The Supreme Court has channeled First Amendment liberties through the Fourteenth Amendment to protect some corporations. In Grosjean v. American Press Co. Inc. 297 U.S. 233, 244, the court stated: "That freedom of speech and of the press are rights of ... fundamental character, safeguarded by the due process of law clause of the Fourteenth Amendment against abridgement by state legislation, has likewise been settled by a series of decisions of this Court beginning with Gitlow v. New York, 268 U.S. 652, 666, and ending with Near v. Minnesota, 283 U.S. 697, 707.... Appellant contends that the Fourteenth Amendment does not apply to corporations; but this is only partly true. A corporation, we have held, is not a `citizen' within the meaning of the privileges and immunities clause. Paul v. Virginia, 8 Wall. 168. But a corporation is a `person' within the meaning of the equal protection and due process of law clauses, which are the clauses involved here."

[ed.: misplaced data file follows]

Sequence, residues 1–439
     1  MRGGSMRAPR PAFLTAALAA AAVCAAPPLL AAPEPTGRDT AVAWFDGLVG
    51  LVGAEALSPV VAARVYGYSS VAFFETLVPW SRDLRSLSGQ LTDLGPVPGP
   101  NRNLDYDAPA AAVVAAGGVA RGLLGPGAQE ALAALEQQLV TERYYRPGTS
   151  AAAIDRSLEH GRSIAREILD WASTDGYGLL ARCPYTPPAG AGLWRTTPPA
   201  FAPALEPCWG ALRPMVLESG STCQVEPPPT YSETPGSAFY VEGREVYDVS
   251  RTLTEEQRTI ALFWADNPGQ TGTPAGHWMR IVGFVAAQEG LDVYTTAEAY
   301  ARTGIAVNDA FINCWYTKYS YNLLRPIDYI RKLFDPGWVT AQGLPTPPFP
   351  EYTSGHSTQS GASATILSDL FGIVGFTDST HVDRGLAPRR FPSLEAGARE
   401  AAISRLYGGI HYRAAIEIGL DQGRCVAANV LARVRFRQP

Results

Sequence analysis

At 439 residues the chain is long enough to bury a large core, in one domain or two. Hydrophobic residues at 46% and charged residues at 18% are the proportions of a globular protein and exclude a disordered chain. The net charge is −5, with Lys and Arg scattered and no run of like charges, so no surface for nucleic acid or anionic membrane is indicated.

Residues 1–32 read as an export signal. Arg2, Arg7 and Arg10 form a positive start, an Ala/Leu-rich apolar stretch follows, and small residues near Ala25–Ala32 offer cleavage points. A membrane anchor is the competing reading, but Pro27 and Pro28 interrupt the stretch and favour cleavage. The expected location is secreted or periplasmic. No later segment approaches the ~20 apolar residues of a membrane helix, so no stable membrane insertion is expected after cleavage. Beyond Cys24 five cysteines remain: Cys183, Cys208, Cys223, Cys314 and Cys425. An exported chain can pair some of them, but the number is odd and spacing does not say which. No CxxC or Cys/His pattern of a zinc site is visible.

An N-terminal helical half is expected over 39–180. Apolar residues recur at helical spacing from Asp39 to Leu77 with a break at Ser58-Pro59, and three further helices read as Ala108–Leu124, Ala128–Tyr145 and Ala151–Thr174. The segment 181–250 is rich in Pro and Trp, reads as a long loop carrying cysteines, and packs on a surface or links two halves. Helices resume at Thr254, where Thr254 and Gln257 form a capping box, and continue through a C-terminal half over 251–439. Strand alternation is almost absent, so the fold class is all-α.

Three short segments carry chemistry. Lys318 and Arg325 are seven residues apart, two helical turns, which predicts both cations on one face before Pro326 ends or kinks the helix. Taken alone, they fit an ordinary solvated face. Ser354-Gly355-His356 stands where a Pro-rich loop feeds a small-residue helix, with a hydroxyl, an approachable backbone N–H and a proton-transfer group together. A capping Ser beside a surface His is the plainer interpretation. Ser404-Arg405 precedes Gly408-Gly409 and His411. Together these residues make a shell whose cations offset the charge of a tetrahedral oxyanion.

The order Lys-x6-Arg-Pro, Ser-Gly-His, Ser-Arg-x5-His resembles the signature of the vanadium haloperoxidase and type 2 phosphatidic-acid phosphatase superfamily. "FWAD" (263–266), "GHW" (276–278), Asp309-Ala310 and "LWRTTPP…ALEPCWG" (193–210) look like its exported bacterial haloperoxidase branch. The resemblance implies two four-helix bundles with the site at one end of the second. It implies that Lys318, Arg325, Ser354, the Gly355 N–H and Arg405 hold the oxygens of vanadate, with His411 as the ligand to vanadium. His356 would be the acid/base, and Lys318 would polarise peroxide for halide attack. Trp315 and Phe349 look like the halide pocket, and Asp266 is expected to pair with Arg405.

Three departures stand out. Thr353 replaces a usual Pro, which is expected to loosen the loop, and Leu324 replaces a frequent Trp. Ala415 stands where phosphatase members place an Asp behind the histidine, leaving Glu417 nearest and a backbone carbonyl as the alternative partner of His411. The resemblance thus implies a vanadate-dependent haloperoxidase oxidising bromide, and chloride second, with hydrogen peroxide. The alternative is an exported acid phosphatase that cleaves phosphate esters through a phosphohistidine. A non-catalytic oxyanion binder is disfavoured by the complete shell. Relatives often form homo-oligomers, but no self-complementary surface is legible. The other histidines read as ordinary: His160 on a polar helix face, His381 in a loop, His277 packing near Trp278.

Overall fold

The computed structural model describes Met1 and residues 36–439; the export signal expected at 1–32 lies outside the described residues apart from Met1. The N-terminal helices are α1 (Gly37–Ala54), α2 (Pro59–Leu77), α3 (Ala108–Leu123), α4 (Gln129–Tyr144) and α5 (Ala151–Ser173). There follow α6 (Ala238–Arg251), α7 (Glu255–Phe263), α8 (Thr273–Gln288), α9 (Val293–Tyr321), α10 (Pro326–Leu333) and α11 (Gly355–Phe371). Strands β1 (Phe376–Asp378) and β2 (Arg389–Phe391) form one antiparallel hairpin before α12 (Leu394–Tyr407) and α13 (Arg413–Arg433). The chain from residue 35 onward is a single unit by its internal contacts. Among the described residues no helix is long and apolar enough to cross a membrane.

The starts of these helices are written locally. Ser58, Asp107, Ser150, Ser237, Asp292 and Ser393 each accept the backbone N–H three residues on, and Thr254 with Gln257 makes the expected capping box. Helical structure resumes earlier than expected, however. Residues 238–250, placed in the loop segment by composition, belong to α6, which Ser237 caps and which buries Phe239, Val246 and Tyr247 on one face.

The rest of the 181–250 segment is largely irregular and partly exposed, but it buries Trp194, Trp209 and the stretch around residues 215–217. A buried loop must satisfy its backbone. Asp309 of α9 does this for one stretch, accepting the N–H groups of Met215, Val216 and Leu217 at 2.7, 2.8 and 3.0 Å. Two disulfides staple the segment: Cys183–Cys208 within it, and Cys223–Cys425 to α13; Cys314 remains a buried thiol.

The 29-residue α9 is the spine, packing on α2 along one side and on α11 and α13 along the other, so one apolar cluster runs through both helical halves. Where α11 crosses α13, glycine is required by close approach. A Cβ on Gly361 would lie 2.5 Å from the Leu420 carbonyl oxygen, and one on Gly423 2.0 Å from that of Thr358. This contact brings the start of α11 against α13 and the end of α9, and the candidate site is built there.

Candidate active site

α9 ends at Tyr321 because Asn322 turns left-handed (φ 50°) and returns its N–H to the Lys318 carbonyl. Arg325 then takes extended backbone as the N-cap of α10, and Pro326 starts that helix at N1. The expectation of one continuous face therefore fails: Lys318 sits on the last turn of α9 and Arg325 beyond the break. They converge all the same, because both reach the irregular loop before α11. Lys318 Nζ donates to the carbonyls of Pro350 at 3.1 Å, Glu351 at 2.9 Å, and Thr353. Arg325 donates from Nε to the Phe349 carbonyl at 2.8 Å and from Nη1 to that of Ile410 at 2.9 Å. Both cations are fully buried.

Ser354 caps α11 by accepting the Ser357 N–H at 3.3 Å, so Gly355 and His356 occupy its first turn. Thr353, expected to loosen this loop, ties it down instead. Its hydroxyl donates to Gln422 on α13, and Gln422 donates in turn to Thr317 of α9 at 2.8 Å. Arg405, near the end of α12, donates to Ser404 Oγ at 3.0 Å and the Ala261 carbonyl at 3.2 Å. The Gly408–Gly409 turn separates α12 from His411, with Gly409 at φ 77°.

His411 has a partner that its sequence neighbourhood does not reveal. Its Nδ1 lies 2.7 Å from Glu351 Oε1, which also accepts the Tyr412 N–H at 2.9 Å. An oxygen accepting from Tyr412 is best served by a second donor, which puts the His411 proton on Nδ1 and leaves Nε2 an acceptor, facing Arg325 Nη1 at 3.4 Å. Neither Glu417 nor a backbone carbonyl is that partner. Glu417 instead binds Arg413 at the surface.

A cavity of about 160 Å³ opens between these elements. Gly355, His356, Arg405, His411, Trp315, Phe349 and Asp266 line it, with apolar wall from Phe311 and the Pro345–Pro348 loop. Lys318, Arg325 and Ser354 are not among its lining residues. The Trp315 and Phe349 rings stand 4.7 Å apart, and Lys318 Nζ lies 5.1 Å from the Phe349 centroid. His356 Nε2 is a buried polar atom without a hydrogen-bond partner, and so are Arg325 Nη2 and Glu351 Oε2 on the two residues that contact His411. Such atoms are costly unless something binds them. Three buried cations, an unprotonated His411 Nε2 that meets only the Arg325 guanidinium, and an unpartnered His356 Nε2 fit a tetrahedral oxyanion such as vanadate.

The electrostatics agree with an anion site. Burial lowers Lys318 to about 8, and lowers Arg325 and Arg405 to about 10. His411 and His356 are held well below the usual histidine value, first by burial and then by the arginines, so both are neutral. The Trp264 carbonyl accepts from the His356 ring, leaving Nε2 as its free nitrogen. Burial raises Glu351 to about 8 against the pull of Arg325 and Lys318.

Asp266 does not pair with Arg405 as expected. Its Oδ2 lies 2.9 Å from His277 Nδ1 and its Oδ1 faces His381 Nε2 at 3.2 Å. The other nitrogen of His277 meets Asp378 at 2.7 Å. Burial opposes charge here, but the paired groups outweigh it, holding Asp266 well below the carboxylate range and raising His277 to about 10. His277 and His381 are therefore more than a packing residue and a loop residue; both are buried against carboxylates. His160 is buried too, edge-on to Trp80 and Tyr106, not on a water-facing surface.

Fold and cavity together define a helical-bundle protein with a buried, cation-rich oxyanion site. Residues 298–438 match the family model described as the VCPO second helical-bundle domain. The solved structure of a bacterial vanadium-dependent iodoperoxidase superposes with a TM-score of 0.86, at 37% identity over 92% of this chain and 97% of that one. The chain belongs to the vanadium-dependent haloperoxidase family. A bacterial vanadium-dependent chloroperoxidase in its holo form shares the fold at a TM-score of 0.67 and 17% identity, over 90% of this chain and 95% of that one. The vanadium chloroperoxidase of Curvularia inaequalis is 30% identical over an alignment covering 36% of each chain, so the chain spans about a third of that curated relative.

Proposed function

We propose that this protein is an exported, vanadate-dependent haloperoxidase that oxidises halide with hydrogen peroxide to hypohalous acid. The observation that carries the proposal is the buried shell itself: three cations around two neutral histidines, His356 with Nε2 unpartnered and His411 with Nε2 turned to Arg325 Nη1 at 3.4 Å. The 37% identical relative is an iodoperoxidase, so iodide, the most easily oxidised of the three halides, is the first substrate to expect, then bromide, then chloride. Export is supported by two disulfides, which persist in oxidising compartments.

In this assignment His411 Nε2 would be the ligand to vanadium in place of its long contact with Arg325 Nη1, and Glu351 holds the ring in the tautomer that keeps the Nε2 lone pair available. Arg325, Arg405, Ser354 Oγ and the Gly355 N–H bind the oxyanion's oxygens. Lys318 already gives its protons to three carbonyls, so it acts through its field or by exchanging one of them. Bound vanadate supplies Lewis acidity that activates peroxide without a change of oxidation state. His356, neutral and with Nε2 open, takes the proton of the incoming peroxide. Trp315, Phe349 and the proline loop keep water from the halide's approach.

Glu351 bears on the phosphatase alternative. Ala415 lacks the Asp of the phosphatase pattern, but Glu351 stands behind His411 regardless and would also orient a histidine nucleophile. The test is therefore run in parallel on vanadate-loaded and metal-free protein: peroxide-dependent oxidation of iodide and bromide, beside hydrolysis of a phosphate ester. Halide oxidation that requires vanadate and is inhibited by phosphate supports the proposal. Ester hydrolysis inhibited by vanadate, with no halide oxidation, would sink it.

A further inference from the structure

We have also afforded certain corporations First Amendment protection. Brattle Films, Inc. v. Commissioner of Pub. Safety, 333 Mass. 58. Krebiozen Research Foundation v. Beacon Press, Inc. 334 Mass. 86. In the past we have spoken broadly of the liberty of the press to be afforded corporations. In Bowe v. Secretary of the Commonwealth, 320 Mass. 230, we addressed ourselves to the question whether a labor union enjoys the same liberty of the press as individuals. The case was decided under arts. 16 and 19 of the Massachusetts Declaration of Rights but the freedoms in question were held comparable to First Amendment freedoms. We said, "The liberty of the press is enjoyed, not only by individuals, but also by associations of individuals such as labor *584 unions (Hague v. Committee for Industrial Organization, 307 U.S. 496), and even by corporations, although a corporation is not a `citizen' and must find its protection against abridgement of its liberty by State action in the due process clause ... of the Fourteenth Amendment" (emphasis supplied). The Bowe case, supra, at 251.